By Karen Stokes
Dane County Circuit Judge Everett Mitchell presides over the Juvenile Division in Branch Four and is a candidate for Wisconsin Supreme Court Justice.
Judge Mitchell is a graduate of Morehouse College, Princeton Theological Seminary, and University of Wisconsin-Madison Law School and is a member of Omega Psi Phi Fraternity, Inc.
If elected, Mitchell would be the first African American elected to the Wisconsin Supreme Court.
“I tell my young people when they come into my courtroom, I’m not only your judge, I’m also your reflection,” Mitchell said. “I think for 175 years Wisconsin has not elected a person of color to reflect the diversity and the ideas of our entire state. So I think it will send a message not only to the legal community, which we need to continue to work to diversify the community, but also to the young people across the board whether it’s young Black children, white children, Latino children or Asian children so that they can see a reflection of themselves and it’s not just about the crime stuff that they see on the news every night.”
The race for Wisconsin’s high court has been referred to as the most important election in America in 2023, according to the New York Times.
Justice Patience Roggensack’s term will expire on July 31, 2023. She is not running for re-election.
With a conservative justice retiring, there are four candidates, two conservatives and two liberals who will be facing off in the February 21 primary.
The top two candidates will advance to the April 4 general election.
Mitchell was motivated to pursue the profession of law for two reasons.
“There were two things, one when I was working with men and women coming out of prison, I saw that they needed advocates to make sure their rights were protected as they were trying to get housing and jobs. Then it was just the historical legacy of Justice Thurgood Marshall and I started reading his work and the role that he played in overturning Plessy vs Ferguson in Brown vs Board of Education. It made me realize you can actually use the law for good and we can make sure we have people that have the framework and the mindset to ensure that the law is freeing people and not just placing limits and incarcerating them.”
In spite of the state’s partisan division there are crucial cases that will have an impact on the future of the state.
“I think there’s really going to be two cases that would have different impacts. One would be the redrawing of legislative maps and the other, reproductive choice. There has to be some resolution as to that 1849 law related to reproductive choice and that decision by itself will really shape the future of Wisconsin for a long time,” said Mitchell.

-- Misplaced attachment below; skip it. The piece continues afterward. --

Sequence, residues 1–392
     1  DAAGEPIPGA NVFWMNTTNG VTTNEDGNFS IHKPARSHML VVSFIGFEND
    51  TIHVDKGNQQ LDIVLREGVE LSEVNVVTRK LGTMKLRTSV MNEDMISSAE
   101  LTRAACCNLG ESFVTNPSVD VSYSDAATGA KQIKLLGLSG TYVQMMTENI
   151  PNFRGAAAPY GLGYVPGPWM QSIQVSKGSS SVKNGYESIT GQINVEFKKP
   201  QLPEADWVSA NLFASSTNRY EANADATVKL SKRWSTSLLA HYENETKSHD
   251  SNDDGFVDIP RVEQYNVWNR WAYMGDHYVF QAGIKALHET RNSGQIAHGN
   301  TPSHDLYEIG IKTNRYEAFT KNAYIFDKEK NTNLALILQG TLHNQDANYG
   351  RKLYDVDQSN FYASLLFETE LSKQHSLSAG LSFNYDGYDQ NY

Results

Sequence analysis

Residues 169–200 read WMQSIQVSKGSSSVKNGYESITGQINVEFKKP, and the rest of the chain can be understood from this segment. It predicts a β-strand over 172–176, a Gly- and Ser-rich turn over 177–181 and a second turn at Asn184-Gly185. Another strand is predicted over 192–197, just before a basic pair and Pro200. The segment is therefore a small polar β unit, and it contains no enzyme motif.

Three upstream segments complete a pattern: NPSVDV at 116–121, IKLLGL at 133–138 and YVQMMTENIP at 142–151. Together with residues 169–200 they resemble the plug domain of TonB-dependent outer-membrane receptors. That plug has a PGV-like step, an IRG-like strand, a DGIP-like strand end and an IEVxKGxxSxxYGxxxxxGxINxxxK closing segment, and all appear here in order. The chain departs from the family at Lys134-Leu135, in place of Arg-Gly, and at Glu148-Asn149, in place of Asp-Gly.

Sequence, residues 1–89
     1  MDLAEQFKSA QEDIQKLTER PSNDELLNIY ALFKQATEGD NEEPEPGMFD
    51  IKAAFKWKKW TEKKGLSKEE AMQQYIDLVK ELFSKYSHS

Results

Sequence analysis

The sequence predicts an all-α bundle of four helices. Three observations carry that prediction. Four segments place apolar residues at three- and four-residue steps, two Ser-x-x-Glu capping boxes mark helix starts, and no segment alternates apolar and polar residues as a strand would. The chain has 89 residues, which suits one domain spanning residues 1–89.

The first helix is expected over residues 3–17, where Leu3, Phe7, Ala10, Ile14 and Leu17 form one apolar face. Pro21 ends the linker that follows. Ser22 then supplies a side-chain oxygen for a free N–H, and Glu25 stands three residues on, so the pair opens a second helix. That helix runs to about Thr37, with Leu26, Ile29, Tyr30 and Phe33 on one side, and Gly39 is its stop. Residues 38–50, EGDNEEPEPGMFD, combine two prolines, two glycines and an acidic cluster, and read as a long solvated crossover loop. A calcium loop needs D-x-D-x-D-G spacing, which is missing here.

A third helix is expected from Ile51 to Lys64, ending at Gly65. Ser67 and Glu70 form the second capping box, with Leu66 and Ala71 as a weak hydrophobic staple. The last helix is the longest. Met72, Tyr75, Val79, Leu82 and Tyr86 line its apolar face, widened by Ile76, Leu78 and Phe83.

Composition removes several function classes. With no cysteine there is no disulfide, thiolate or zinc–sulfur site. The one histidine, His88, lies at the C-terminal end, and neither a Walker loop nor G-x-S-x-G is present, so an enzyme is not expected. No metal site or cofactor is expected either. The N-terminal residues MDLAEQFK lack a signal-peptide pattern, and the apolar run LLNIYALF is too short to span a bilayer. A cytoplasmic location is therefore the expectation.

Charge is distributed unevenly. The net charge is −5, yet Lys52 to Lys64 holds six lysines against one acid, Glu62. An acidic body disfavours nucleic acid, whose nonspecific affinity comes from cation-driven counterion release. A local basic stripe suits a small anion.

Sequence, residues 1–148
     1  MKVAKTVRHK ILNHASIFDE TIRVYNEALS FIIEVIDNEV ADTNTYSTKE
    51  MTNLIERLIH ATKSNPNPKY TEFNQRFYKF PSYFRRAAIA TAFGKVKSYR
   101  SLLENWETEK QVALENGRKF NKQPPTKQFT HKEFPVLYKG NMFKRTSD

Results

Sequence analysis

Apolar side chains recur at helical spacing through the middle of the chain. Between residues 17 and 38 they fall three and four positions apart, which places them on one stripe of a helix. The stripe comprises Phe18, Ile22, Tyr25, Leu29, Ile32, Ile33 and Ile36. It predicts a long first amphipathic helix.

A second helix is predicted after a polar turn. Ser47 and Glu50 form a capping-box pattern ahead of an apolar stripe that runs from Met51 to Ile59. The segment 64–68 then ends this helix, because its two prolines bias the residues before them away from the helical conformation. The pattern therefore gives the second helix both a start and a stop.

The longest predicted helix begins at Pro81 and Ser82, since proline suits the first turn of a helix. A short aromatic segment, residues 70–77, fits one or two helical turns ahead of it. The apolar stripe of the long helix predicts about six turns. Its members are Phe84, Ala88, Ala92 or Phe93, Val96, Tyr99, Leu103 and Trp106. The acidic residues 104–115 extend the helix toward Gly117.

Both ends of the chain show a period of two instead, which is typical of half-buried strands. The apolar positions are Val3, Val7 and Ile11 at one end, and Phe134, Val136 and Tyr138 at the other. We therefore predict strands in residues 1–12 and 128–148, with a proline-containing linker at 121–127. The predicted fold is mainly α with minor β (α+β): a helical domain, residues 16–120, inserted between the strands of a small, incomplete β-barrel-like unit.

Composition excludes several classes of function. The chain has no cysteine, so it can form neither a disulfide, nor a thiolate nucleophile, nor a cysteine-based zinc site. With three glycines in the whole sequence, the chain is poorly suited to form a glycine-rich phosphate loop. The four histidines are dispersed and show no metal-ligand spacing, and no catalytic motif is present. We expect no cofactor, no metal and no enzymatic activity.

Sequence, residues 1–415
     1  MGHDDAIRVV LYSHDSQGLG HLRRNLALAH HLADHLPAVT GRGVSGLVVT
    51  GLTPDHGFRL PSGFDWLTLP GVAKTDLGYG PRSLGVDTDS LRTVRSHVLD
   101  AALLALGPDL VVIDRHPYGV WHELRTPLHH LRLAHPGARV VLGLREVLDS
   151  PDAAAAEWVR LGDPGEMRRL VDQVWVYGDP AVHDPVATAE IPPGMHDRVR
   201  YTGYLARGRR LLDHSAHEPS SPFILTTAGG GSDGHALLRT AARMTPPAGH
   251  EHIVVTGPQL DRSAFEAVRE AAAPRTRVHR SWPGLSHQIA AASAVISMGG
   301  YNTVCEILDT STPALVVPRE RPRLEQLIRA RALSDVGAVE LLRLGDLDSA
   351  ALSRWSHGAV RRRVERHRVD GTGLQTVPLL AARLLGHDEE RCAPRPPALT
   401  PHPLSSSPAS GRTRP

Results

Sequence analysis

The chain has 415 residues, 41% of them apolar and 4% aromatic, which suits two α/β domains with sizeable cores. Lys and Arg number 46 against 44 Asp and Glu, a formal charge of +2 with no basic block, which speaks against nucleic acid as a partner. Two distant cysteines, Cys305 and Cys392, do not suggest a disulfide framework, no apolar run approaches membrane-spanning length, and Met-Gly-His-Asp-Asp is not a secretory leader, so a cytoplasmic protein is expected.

Mitchell explained why he believes he would make an effective and successful Supreme Court Justice.
“It’s really rooted in my understanding that judges should be the kind of people that are doing something to make our systems fair and better and you don’t have any other candidate that has worked as hard as I have to change the narratives and make sure that our court systems are fair and help those in our community that don’t have a lobby and are not connected to big money.
Whether it is running to restore justice programs in my career to reduce recidivism or working to change the rules related to CCAP so that people who have dismissed or not guilty charges can be removed off of CCAP or just the notion of leading to take the handcuffs off of children so that we can lead with a more child informed perspective. That’s the type of leadership that our justices and our state deserves so I lead with this idea that justice is not just what you say but what you do.”
Mitchell continued, “All this talk about I’ll be fair, show me where you’ve been fair, all these moments where you said you’ve been just, show me where you’ve been just. So that we can make sure that those who will represent us will have a legacy of actually doing something for people.”
Jennifer Dorow, Daniel Kelly, and Janet Protasiewicz are also running in the nonpartisan primary for the open seat on the Wisconsin Supreme Court.
In narrowly divided Wisconsin, a one-seat edge is all the majority needs to change the state’s politics.
Early voting has begun in Milwaukee for the Feb. 21 nonpartisan primary election. Find more information on voting at city.Milwaukee.gov.